Ford cars to become open-source crowd-enabled modular products

Tuned Pontiac console
Lego Jeep Wrangler
It’s modular!

Only yesterday I was discussing with friends and colleagues potential impacts of 3D printing, how a number of trends and technology advances are combining to put us as the consumer at the centre of product experiences, providing us with unprecedented choice and the ability to co-create as active participants in the design, configuration and even the manufacturing of our purchases.

A coincidence then that up pops an article on RWW about how Ford is looking at cars becoming “open-source crowd-enabled modular products”.

“Let’s say you don’t like these steering wheel buttons. Maybe you could slap in a capacitive touch controller,” he said. “Using this platform, people would, by themselves, be able to design things.”

Tuned Pontiac console
Tuned Pontiac console

Nice idea I thought, but haven’t we been “tuning” cars forever? How does this differ? I’d like to be clear on what I mean by “tuning”, and once again Wikipedia’s definition serves our purpose:

“Car tuning is a generalized term referring to the act of improving the performance or appearance of a vehicle….. Most vehicles leave the factory set up for an average driver’s expectations and conditions, tuning on the other hand, has become a way to personalize the characteristics of a vehicle to the owner’s preference”

Sparkly Merc

Sounds pretty similar, so what are Ford up to? Reading on I learn that Ford’s research lab aims to:

enable innovators – even those with limited resources and technical chops – to see the automobile as a platform for creativity.

1950 Mercury
1950 Mercury

That certainly made me sit up. This sounds more significant than a nice gesture to the minority of car owners adding a bit of chrome and a body kit – with respect to all the creative and talented folks customising their wheels! –  and is talk much more in line with some of the trends thinking I mentioned earlier.

In the next few months, Ford expects to release the beta version of its car app developer kit. There are already more than 1,000 developers waiting to be notified when it’s ready. At that point, this lab’s work will shift to supporting and growing a community of car hackers. “We’re interested in spurring the creation of an ecosystem,”

"Iles de Paix" modular polyhedra
Community! Ecosystem!

There we go, a “community”, an “ecosystem”, I had a feeling these two might get a mention, we can’t be going anywhere these days without them! Seriously!

But again, we might argue this is nothing new in the world of car-modding. Even as someone who has never even replaced the pommel on a gear stick, I know that there are magazines to buy, meetups to go to, engine tuning services, and a myriad of shiny but loud exhaust pipes, carbon fibre trim, LED lights, the list goes on….

The difference as I see it – and it’s an important distinction – is in the use of the word “developer”.

Ford’s OpenXC API runs on a combination of Arduino and Android platforms – technology chosen to make modding your car as easy as programming a smartphone. The system can potentially access the 1,000 or more data points, generated by sensors on Ford vehicles and served up via the 16-pin onboard diagnostics port (a standard feature of all cars since 1996). The Ford toolkit encourages development of software as well as add-on hardware.

Moving into the social, networked era…

This is taking car tuning into the social, networked era. You may think it rings of putting domotica on four wheels. Indeed, it may start with a lot of that. Yet the number of sensors churning out data will continue to grow, those 1,000+ data points exponentially. The possibilities for innovative new features begin to rack up.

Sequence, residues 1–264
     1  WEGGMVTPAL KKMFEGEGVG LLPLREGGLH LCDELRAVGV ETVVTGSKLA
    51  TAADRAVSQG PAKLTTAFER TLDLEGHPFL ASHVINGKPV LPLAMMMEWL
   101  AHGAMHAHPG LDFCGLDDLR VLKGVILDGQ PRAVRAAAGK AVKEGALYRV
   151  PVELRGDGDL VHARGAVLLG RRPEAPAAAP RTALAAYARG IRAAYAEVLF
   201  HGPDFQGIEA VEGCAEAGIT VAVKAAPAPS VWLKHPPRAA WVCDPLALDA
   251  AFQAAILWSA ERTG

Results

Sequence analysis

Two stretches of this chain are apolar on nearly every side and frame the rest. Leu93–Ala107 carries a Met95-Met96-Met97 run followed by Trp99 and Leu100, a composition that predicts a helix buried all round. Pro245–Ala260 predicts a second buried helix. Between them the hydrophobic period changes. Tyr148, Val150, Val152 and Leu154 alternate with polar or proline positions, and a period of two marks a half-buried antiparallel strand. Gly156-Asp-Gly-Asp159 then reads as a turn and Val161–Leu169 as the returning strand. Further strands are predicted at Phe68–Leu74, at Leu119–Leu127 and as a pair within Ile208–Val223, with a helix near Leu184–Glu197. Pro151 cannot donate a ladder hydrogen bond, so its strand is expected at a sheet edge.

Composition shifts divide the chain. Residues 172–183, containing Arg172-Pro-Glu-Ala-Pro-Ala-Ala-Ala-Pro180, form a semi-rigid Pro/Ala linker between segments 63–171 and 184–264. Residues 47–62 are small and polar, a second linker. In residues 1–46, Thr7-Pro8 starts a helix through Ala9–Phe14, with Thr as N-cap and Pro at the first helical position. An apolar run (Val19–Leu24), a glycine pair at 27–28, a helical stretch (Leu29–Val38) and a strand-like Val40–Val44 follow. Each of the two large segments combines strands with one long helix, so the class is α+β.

Why not imagine a heads-up display incorporating real-time GPS-located braking distances based upon crowd-sourced braking distances and speeds from other motorists driving the same road?

Whilst I just came up with the idea to illustrate a point, I’d wager on it not being particularly original. T.J. Giuli – who runs the Ford lab – we can assume has many of his own. Yet even he recognises this is already something with significant momentum behind it, likely driven in a large part by the passionate car tuning community.

“Tons of people are already making car apps that work with OBD2 readers, or replacing the center stack with their own car computer. That’s happening today, and there’s nothing that anybody can do to stop it. So, it’s a good idea for OEMs like Ford to make this really easy. Hopefully, we can benefit customers with a lot of awesome new features.”

Don’t believe him? Take a quick look at DashCommand on Apple’s app store….

Whilst taking our car purchasing choices and configurations well beyond the current website-based, more marketing focused attempts can only be a good thing, what I find interesting here is the extent to which approaches like this have to potential to bring significant additional value over time.

Modular manufacturing
Modular manufacturing

There are the obvious categories such as efficiency, safety, but what about some that are potentially more challenging? it remains a reality that a car purchase is an irregular event for many of us, particularly in today’s economic climate – again, something we could argue is a good thing. Yet our transport needs change over time, whether it be lifestyle, location, children….

I’m optimistic that initiatives like this from Ford can gain the legs necessary to see innovative strides forward. Wouldn’t it be good if where we are able to re-configure aspects of our cars to help cope with those changing needs rather than simply have to go out and buy a new one….

As it turns out, that is not a new idea either! Whilst browsing for images to illustrate this post, I turned up one of Dave Gray‘s wonderful drawings, with the following details:

A US-based company named Wikispeed has adopted a modular approach with the design of the SGT01, a car designed as a modular platform which will empower suppliers to innovate freely. Each part of the car is a component that fits into a standard interface.